United Nations Reports Torture Continues at U.S. Naval Base in Guantanamo

Edited by Pavel Jacomino
2017-12-14 15:55:33


United Nations, December 14 (RHC)-- The UN special rapporteur on torture Nils Melzer reports that at least one inmate at the U.S. detention facility at Guantanamo is still being tortured.  The statement cited the case of Ammar al-Baluchi, an inmate in Guantanamo Bay, "where his torture and ill-treatment are reported to continue." 

It said al-Baluchi was named 153 times in the U.S. Senate's 2014 "torture report," the result of a six-year investigation into so-called enhanced interrogation techniques used by the CIA after the September 11th attacks in 2001.  He was said to have suffered relentless torture for three-and-a-half years in CIA “black sites” before being moved to Guantanamo, the UN statement said. 

It did not give details of the source of the information about the continuing torture of al-Baluchi, who had been in isolation at a severely restricted-access facility at Guantanamo Bay for more than a decade.  "In addition to the long-term effects of past torture, noise and vibrations are reportedly still being used against him, resulting in constant sleep deprivation and related physical and mental disorders, for which he allegedly does not receive adequate medical attention.”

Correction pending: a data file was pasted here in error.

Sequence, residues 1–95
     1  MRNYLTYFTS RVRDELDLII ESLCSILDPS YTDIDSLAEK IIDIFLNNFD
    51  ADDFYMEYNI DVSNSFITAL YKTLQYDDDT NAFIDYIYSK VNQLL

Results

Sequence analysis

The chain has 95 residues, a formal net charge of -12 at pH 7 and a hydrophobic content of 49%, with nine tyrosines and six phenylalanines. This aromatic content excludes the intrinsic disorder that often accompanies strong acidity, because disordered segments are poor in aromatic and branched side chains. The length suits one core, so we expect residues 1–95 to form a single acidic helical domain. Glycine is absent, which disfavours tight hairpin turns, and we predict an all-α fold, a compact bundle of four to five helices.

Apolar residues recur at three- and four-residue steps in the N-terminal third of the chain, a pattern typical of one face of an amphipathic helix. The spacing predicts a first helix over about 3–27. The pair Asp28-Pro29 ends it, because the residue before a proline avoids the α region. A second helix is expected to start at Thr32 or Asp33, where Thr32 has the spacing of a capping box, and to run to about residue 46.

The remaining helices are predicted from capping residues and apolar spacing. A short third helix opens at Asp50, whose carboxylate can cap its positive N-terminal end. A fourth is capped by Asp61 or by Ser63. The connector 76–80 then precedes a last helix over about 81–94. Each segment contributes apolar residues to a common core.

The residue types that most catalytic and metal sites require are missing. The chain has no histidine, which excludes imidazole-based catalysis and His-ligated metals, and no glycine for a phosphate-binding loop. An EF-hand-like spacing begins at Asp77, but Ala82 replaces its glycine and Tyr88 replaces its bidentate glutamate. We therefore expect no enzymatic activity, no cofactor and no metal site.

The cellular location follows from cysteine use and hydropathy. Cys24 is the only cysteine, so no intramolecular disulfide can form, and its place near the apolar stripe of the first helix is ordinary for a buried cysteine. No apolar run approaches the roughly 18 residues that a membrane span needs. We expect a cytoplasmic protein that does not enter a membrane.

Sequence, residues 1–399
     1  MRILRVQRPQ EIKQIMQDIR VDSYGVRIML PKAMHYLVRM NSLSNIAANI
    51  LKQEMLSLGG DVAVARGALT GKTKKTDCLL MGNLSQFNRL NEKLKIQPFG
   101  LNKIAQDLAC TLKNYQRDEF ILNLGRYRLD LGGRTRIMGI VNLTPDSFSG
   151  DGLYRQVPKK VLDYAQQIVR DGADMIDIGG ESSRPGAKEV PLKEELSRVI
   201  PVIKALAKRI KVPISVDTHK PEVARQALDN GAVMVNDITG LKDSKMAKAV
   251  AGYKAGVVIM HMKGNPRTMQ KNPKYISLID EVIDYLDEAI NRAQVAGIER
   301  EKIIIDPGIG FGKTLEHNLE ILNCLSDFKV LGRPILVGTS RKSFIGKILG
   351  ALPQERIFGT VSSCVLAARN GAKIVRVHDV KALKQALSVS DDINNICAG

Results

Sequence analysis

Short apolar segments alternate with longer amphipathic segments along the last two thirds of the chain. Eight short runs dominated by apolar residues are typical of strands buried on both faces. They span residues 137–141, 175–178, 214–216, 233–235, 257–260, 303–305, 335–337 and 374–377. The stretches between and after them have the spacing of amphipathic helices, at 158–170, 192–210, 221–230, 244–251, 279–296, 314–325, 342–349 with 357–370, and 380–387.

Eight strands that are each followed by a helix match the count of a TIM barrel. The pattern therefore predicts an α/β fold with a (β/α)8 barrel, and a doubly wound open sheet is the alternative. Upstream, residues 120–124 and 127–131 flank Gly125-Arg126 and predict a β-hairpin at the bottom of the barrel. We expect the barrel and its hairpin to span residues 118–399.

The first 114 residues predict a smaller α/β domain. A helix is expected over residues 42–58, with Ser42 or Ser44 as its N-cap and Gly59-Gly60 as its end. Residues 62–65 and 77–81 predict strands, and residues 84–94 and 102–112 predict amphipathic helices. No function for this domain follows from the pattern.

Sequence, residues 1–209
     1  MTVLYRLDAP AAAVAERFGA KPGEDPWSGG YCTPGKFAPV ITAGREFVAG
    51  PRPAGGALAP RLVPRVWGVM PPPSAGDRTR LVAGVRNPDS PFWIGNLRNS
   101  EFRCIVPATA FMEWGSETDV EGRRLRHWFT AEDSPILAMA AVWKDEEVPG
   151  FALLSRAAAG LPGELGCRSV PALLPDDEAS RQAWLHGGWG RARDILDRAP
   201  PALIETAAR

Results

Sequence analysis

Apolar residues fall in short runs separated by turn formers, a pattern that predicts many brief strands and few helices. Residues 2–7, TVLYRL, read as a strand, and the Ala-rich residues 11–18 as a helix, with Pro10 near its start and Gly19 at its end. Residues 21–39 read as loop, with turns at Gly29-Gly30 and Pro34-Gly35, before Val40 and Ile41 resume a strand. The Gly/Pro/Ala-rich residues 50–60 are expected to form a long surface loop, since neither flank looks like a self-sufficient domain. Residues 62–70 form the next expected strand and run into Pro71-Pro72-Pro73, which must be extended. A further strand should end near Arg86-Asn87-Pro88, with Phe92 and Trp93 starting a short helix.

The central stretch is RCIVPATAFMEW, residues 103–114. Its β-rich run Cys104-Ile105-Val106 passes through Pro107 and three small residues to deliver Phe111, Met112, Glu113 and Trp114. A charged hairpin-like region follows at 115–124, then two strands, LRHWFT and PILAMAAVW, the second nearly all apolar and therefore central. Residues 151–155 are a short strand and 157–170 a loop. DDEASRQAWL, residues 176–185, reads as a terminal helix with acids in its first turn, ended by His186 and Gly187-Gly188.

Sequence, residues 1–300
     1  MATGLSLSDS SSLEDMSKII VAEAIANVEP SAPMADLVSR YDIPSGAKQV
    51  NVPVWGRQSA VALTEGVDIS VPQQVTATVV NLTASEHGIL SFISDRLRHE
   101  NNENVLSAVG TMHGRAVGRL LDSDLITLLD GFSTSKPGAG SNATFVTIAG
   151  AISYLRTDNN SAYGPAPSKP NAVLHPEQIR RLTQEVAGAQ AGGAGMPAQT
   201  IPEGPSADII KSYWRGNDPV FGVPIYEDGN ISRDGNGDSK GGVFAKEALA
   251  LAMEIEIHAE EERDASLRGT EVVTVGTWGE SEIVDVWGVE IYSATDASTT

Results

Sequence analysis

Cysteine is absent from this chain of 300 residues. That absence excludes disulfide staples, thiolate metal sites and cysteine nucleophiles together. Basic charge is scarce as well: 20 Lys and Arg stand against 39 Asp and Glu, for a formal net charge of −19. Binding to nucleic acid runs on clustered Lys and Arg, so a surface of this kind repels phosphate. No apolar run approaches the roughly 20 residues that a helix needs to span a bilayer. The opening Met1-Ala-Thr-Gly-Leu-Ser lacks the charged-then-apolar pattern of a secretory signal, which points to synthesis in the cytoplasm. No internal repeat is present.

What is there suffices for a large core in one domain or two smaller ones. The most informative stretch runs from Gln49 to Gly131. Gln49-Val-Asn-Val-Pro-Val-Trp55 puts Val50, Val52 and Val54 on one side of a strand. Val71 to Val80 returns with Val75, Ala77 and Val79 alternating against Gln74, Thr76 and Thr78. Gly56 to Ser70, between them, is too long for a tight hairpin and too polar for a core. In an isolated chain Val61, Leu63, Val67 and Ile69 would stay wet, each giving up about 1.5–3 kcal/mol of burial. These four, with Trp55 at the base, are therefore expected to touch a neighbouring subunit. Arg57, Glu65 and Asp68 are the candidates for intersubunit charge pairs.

Former President Barack Obama ended the use of "enhanced interrogation techniques" through an executive order in January 2009, but Melzer said the historic use of torture in CIA custody had not yet led to prosecutions or compensation for victims.  “By failing to prosecute the crime of torture in CIA custody, the U.S. is in clear violation of the Convention against Torture and is sending a dangerous message of complacency and impunity to officials in the U.S. and around the world,” Melzer said in the statement. 

Melzer said the ban on torture and ill-treatment was one of the most fundamental norms of international law and could not be justified in any circumstances.  He said he had renewed a long-standing request to visit Guantanamo Bay to interview inmates, but he and his predecessors in the role had consistently been denied access. 


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